Thursday, October 29, 2009
Halloween cocktails can add just that right bite to your ghoulish gathering and party pours. Just remember to drink and serve responsibly and if you imbibe, don't drive!
Although not strictly reserved for Halloween, this drink will make guests howl with delight.
6 oz. tomato juice
1 1/2 oz. of vodka
Juice of one lime wedge or 1/2 tsp. of lime juice concentrate
Salt and Pepper
Celery stalk, lime wedge and/or a slice of fresh red bell pepper
Pimento-filled Spanish olive halves, wholes or slices
Pour the tomato juice and vodka into a tall, ice-filled glass. Add a splash of Worcestershire sauce and a dash of Tabasco sauce (to taste). Sprinkle in a pinch of salt and pepper to taste. Stir and garnish with a celery stalk, lime wedge and/or a slice of fresh red bell pepper. For the creepy-crawlies, float a couple of Spanish olive slices or full olives so that it looks like your drink is looking back at you.
For the Virgin Mary version of this drink for tee-totalers and designated drivers, just skip the vodka.
With the proliferation of vampire movies, books and TV shows, why not try a Bloody-tini. Similar to a martini, this will appeal to "blood-suckers" in your group.
2 oz. acai spirits (VeeV makes an excellent brand)
1 oz, acai juice
1/2 oz. of fresh lime juice
Champagne to top the drink
Lime slice or acai berries
Combine the first three ingredients into a cocktail shaker with ice. Shake, strain and pour into the glass. Garnish with the lime slice or acai berries.
About the Acai Berries
The chocolate-tasting berries that look similar to a blueberry or cranberry comes from the acai palm. You can often find these in your natural food store but call ahead to make sure they have the berries and juice in stock.
BLACK CAT COCKTAIL
Superstition says that if a black cat crosses your path you're going to have bad luck. Not with this cat. You and your guests will be lucky to enjoy this tasty drink.
1 oz. cherry brandy
1 oz. vodka
Pour the cherry brandy and vodka into a tall ice-filled highball glass. Top the glass with equal parts of cranberry juice and cola. Add a little flair to your bartending skills and double-hand it by pouring the cranberry juice and cola at the same time.
Now what's a Halloween without a glowing orange drink!
1 oz. cranberry juice
1 oz. pineapple juice
2 oz. lemon-lime soda
1 oz. Coconut rum
Fill a short highball glass with the chilled juices and soda and slowly slide the rum into the drink just before serving.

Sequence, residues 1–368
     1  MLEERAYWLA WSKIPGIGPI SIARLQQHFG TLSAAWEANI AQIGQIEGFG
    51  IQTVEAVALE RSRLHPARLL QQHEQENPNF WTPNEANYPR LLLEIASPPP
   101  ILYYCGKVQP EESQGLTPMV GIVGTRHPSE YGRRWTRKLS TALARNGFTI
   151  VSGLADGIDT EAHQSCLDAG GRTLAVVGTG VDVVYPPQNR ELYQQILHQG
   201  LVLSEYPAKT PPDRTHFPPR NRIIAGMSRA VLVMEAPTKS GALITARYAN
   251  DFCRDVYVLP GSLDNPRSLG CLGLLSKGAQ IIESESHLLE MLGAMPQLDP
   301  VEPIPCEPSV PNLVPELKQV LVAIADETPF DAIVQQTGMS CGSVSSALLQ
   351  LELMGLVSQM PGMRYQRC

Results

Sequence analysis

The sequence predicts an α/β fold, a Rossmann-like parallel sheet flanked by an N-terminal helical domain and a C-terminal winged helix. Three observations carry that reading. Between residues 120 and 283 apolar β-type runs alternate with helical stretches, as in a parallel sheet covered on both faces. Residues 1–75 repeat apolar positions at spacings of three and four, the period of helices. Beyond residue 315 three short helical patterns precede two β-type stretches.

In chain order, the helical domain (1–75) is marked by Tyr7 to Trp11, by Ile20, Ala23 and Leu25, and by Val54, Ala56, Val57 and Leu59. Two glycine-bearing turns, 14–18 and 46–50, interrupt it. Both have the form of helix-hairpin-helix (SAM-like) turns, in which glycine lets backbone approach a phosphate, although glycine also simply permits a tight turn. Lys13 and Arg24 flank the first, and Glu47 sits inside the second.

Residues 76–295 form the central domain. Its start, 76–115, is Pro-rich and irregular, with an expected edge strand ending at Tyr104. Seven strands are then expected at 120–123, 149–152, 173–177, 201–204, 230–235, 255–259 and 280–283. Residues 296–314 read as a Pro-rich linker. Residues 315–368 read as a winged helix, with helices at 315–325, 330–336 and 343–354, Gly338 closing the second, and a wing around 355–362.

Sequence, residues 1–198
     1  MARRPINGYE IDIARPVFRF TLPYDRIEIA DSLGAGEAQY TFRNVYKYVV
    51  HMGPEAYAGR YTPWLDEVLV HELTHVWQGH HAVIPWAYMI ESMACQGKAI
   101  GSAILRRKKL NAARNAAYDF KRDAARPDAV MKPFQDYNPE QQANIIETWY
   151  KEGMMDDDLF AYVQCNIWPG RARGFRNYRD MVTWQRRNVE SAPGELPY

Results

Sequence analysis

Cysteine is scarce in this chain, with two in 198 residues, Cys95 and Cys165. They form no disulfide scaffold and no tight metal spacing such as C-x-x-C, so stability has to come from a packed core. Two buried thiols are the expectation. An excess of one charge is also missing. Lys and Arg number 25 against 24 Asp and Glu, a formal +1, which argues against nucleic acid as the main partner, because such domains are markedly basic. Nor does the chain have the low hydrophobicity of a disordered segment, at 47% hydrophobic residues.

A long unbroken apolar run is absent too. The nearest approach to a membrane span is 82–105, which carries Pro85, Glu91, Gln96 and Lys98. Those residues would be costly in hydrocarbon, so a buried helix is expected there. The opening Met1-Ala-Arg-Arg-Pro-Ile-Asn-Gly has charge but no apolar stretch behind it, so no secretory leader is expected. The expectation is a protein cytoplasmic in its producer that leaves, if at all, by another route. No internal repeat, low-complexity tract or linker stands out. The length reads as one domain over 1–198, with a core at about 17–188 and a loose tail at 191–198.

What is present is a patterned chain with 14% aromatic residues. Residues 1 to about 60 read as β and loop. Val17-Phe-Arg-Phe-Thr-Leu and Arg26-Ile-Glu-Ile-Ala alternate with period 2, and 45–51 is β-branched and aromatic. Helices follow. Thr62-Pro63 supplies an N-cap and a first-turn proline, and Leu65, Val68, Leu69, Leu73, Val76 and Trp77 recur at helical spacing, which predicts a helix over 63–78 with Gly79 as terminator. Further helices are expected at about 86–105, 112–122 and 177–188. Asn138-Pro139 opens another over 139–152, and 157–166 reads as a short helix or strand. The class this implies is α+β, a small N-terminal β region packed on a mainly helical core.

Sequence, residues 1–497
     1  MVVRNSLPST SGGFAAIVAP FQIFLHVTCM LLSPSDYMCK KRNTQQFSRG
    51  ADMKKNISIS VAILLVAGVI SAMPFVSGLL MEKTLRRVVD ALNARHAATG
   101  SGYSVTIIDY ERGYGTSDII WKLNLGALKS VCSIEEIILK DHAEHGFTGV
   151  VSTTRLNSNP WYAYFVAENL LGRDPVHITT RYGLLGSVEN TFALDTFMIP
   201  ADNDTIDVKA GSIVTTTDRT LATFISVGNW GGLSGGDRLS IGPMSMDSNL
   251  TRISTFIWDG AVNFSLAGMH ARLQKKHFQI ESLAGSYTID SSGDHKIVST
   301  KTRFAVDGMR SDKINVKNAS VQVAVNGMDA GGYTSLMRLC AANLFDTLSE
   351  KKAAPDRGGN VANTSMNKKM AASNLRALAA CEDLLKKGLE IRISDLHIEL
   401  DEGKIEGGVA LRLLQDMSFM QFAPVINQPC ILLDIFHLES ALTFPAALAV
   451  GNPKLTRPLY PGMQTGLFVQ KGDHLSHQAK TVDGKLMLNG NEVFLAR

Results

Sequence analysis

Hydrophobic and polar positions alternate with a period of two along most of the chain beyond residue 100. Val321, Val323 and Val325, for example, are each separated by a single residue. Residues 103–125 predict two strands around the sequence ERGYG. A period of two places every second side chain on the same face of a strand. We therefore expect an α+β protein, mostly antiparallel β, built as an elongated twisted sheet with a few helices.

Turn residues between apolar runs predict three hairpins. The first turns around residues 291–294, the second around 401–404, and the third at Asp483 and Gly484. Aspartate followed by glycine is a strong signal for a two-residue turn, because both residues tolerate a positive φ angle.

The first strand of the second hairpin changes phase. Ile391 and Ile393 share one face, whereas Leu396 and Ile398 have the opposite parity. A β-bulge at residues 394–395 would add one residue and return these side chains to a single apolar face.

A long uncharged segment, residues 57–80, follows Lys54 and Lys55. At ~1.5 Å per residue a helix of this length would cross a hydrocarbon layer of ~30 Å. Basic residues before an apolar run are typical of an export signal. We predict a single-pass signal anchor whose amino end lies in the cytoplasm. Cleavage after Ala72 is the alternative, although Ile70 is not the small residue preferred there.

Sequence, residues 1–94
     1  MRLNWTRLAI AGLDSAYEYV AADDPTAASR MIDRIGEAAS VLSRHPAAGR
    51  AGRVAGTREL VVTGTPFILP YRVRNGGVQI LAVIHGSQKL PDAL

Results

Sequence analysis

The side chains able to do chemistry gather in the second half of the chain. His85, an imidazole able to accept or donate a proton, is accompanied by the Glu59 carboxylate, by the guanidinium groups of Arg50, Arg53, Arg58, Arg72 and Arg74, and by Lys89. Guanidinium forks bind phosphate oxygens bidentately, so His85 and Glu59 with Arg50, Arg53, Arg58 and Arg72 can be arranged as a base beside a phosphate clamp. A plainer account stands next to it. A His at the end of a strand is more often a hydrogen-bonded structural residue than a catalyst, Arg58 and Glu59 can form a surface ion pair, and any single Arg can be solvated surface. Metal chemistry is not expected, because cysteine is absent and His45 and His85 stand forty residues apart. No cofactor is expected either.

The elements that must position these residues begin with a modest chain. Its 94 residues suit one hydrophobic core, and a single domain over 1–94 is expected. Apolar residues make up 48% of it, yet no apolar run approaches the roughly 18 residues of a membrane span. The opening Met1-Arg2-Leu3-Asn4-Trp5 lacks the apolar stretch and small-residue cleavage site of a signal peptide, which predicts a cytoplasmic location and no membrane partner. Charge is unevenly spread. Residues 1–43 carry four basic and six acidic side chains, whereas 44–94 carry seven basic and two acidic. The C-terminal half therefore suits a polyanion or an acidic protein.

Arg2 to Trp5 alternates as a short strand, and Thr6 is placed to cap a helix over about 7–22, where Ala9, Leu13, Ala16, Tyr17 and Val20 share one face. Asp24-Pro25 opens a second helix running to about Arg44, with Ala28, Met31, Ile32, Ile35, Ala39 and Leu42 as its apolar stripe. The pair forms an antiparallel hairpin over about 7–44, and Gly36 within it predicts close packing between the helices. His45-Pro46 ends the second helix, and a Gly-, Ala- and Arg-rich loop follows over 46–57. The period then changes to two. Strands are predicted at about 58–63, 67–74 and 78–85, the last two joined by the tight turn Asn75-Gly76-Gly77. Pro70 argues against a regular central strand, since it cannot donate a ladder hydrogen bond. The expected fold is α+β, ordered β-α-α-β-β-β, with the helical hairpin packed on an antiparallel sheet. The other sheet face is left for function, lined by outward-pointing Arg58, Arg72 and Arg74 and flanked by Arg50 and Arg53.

Remember, friends don't let friends drive drunk. Take their keys. Call a cab. Take them home. Put them in the guest room. You want your Halloween party to be memorable for the fun not because of an accident or tragedy.
Friday, October 23, 2009
Remember, too, that the outfit you choose should always be not only politically correct but sensitive to your co-workers and fellow citizens alike. So stay away from costumes such as a homeless person or an illegal alien (masks of which were recently pulled off of shelves).
Here are some ideas that will work well for office/work costume attire or for a quick change for a post-work party.
One of the best "office" attire costumes I ever saw was worn by Denzel Washington's lawyer character in the movie "Philadelphia." He wore a business suit with a lot of legal documents attached to it and went as a "law suit." Clever!
There are some very witty t-shirts available. I saw one once that said "This is my costume."
You also could easily wear a tropical print dress or shirt and when it's time for the party, add a lei and a beachcomber hat.
Western attire (denim and a plaid shirt) would work fine for the office. Then you just need to add a cowboy hat and boots and you're all set.
A pirate or fortune teller outfit is also easily attained with a flowing blouse and a peasant skirt which is perfectly appropriate for an office. Then just add a ton of beads, bracelets and a head wrap. The guys can wear an eye patch for a pirate and change into what was a great funny bit on a popular "Seinfeld" episode – a puffy shirt.
A team jersey can easily be worn over a pair of slacks. Wear a team hat, smear on team makeup colors and you can go as the ultimate fan.
Add an apron and pearls to a shirtwaist dress or a skirt and blouse and carry a rolling pin and you're Martha Stewart, Julia Child or Betty Crocker! For that matter, a man or woman could add a chef's jacket and hat and go as a chef.
Add a tool belt to a t-shirt and jeans and you are all set as a carpenter, handyman or plumber (butt-crack is NOT acceptablel).
Dig through your t-shirt collection and find one from a favorite amusement park or area attraction. You can wear this with your office pants or with a pair of plaid or khaki shorts (if they're acceptable attire in your office), sunglasses, sandals, a fanny pack, and a baseball cap. Hang a camera around your neck and stuff an amusement park brochure or an old airplane boarding pass into your pocket and go as a tourist.